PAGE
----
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Near Chancellor in Spotsylvania County, Virginia — The American South (Mid-Atlantic)
First Day at Chancellorsville
Not Just Armies
 
First Day at Chancellorsville Marker Photo, Click for full size
By Craig Swain, August 24, 2008
1. First Day at Chancellorsville Marker
 
Inscription. "On the first day of the Chancellorsville fight...[our] farm was between our and the enemy's lines of battle."
-James H. Leitch, farmer.

The Battle of Chancellorsville started here - amid the homes of families living along the Orange Turnpike. On the morning of May 1, Ann Lewis, whose house stood on the rise in front of you, found Union cavalrymen lounging in her yard. After she saw masses of Confederate troops approaching from the east, Lewis called a Union trooper into her house to "look at the rebels"; she wisely retreated to her cellar just as the shooting started. Union soldiers took cover behind the house, and a spirited firefight ensued.

With so many battles fought nearby, the civilians of Spotsylvania County bore a disproportionate burdon of devastation and destruction. James H. Leitch, whose home lay in the middle of the battlefield, recalled: "The enemy tore down some of the fencing... They took our corn from the crib... [and] ten bushels of ground wheat. ... I saw our troops using the fencing from the side opposite the Yankees as fuel."
 
Erected 2008 by Virginia Civil War Trails.
 
Marker series. This marker is included in the Virginia Civil War Trails marker series.
 
Location. 38° 17.736′ 
 
Help Preserve Chancellorsville image, Click for more information
2. Help Preserve Chancellorsville
CWPT efforts to save the battlefield.
Click for more information.
 
N, 77° 35.579′ W. Marker is near Chancellor, Virginia, in Spotsylvania County. Marker is on Plank Road / Germanna Highway (State Highway 3), on the right when traveling west. Click for map. Located along the Civil War Preservation Trust's walking trail through the First Day at Chancellorsville Battlefield. Marker is in this post office area: Fredericksburg VA 22407, United States of America.
 
Other nearby markers. At least 8 other markers are within one mile of this marker, measured as the crow flies. A different marker also named First Day at Chancellorsville (about 600 feet away, measured in a direct line); a different marker also named First Day at Chancellorsville (about 800 feet away); Chancellorsville Campaign (approx. 0.2 miles away); a different marker also named First Day at Chancellorsville (approx. 0.2 miles away); a different marker also named First Day at Chancellorsville (approx. 0.2 miles away); a different marker also named First Day at Chancellorsville (approx. 0.4 miles away); a different marker also named First Day at Chancellorsville (approx. half a mile away); Spotswood’s Furnace (approx. 1.1 miles away). Click for a list of all markers in Chancellor.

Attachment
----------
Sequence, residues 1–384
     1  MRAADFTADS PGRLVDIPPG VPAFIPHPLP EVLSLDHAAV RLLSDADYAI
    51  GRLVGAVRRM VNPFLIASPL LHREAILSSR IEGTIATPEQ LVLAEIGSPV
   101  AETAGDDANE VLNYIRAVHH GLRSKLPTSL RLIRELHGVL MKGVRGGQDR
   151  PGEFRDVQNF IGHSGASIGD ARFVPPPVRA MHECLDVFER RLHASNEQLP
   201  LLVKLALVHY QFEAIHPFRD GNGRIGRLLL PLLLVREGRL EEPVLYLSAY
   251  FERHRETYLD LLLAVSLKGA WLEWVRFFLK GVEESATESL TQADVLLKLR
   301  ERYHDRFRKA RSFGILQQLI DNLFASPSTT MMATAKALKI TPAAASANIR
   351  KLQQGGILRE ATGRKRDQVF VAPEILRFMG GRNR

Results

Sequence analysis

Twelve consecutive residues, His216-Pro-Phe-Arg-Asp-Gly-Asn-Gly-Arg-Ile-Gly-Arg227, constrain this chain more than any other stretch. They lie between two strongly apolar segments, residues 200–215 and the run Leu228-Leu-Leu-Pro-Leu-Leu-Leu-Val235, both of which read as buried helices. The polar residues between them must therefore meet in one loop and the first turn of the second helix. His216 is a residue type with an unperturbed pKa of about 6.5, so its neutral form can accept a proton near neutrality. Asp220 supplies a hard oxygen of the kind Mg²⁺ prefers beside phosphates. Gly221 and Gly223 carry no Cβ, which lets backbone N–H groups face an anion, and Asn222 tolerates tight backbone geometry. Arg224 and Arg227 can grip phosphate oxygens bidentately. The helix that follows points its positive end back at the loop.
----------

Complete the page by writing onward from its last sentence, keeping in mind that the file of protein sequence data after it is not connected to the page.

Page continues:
More about this marker. In the lower center is a portrait of the Myer family children: Even Spotsylvania County's youngest residents, such as John H. Myer, Jr., Mary Myer, and Annie Myer, could not escape the ravages of war. After the Confederate army impressed their father into service, Union troops burned their home on May 15, 1864.

A map on the right side illustrates the actions described in the text. Civilian life along and around the Orange Turnpike was typical of the nineteenth-century Wilderness - farmers built homes in the sparse clearings and worked what little clear land they had around them.
 
First Day at Chancellorsville Map Photo, Click for full size
By Craig Swain, August 24, 2008
3. First Day at Chancellorsville Map
This map clearly indicates the locations of various family farms around the areas contested during the battle. Note the north seeking arrow points to the left.
 

 
Also see . . .
1. First Day at Chancellorsville. An animated map of the first day's battle from Civil War Preservation Trust. Also links to several excellent resources about the battle. The action described on this marker is roughly occurring at the 11:30 a.m. mark on the animation's time line. (Submitted on September 13, 2008, by Craig Swain of Leesburg, Virginia.) 

2. Battle of Chancellorsville. National Park Service page about the battle. (Submitted on September 13, 2008, by Craig Swain of Leesburg, Virginia.) 
 
The <i>Not Just Armies</i> Wayside Photo, Click for full size
By Craig Swain, August 24, 2008
4. The Not Just Armies Wayside
 
 
Federal Picket Line Photo, Click for full size
By Craig Swain, August 24, 2008
5. Federal Picket Line
Along this high ground a few feet east of the marker location, the 8th Pennsylvania Cavalry posted pickets to screen the advance of Sykes' Division. The Lewis farm stood in this vicinity, close to the marker location. In the distance, is the location where the Leitch farm house stood at the time of the battle. To the right is the Germanna Highway, known at the time of the battle as the Orange Turnpike.
 
Credits. This page originally submitted on September 13, 2008, by Craig Swain of Leesburg, Virginia. This page has been viewed 1,265 times since then. Photos:   1. submitted on September 13, 2008, by Craig Swain of Leesburg, Virginia.   2. submitted on March 13, 2009, by Craig Swain of Leesburg, Virginia.   3, 4, 5. submitted on September 13, 2008, by Craig Swain of Leesburg, Virginia.
 
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